Who can think of the blessed in the world. It therefore rests exercises and enjoyments of the on its own evidence, in the same spirits of the just made perfect, manger as if no other religion and the still more complete had ever been propagated in the blessedness of the redeemed af- world. In testing the truth and ter the resurrection, and not divinity of Christianity, thereaspire with all the powers of the fore, we must enquire, is the soul after a name and a place religion itself agreeable to reaamong the redeemed from a
son, worthy of God and suitable
to the nature and condition of CONCLUSION.
man, in its doctrines, its duties
and its prospects, or as it res1. The preceding view of pects the object of worship, the Christianity clearly shews the ground of acceptance, the sysweakness of Infidel objections tem of morality and the retribuagainst it, founded in the num- / tions of futurity? And is it at
nong men ?
tested to be divine by miracles | religion to practical purpose,
2. We infer the great impor- to all God's commands, and is tance of right apprehensions on attended with a conformity to the leading truths of Christiani- Christ, in temper and character. ty. That errors should be em- The same observation applies -braced for truth in the remote with respect to the bible system branches of religion, and those of morality and the retributions which have little influence on of futurity. The expectant of character, in this very imper- the pure and holy enjoyments in perfect state, is not strange, and heaven, promised in the gospel does not very essentially affect to the redeemed, will be a practhe best interest of the subject, tical Christian, and labor to be or the church in general. But holy as he who hath called him wrong conceptions on the pri- is holy. He who expects a Mamary and leading truths have hometan paradise, will not fail to great influence on the affec- anticipate those sensual enjoy. tions and practice, and are ex- ments in the present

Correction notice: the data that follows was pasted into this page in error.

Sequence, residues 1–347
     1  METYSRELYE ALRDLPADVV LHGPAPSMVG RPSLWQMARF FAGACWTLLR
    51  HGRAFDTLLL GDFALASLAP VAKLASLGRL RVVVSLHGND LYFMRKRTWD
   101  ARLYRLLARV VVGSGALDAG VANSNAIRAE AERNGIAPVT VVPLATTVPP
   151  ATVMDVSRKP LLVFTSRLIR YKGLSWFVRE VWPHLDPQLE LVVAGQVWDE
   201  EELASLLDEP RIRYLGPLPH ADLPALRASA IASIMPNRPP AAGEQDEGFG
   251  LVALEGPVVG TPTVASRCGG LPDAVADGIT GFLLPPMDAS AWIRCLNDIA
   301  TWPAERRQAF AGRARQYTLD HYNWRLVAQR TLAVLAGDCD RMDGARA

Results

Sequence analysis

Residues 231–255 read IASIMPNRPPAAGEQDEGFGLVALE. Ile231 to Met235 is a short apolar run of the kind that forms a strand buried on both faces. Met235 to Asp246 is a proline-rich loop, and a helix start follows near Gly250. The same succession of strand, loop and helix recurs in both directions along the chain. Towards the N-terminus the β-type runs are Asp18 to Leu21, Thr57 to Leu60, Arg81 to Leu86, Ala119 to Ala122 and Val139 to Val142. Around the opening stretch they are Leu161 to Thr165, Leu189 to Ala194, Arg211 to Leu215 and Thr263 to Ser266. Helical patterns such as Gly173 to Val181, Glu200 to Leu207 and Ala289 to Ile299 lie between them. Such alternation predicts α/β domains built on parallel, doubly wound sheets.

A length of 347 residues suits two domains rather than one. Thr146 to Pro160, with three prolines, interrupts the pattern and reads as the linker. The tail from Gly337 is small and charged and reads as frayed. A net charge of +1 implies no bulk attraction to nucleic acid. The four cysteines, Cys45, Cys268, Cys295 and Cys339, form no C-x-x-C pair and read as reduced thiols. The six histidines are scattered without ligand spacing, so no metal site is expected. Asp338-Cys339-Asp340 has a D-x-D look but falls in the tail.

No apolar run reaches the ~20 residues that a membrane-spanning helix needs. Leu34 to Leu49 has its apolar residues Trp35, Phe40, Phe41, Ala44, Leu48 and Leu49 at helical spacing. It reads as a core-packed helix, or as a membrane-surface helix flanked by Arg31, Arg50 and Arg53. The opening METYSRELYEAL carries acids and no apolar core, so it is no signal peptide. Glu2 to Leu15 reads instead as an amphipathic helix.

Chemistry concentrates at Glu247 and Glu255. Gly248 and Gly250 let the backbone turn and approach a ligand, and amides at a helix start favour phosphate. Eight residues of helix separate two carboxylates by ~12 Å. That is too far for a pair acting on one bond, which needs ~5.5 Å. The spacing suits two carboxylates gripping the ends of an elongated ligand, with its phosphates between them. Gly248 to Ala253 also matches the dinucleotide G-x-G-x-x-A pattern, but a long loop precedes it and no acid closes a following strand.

life. ceedingly dangerous.
The truths of Christianity We are assured by the word must be congenial to our hearts -of God, and it is found. true in and its duties and promises the experience, that “all people objects of our choice. will walk every one in the name Let it be remembered that of his God,"* and we know that Christianity is a religion of the the true servants of the Lord heart. The Christian is united will walk in his name forever to God, to Christ, and to the the character of the object of morality and the prospects of worship, as it exists in the mind Christianity, as distinguished of the worshipper, determines from all other religions in the his character ; his affections, world. Hence it is stiled in pursuits and practice are agree- scripture, the knowledge of the able to it, (we speak of those only living and true God and Jewho really believe what they sus Christ whom he hath sent," profess, and not of the vain pre- and it is often denominated the tenders to religion and worship, fear of God and the love of God. who really believe nothing in We cannot omit to observe
that the public teachers of Chris* Micah iv. s.
tianity, the ministers of the go34 Vol. V. No. 5.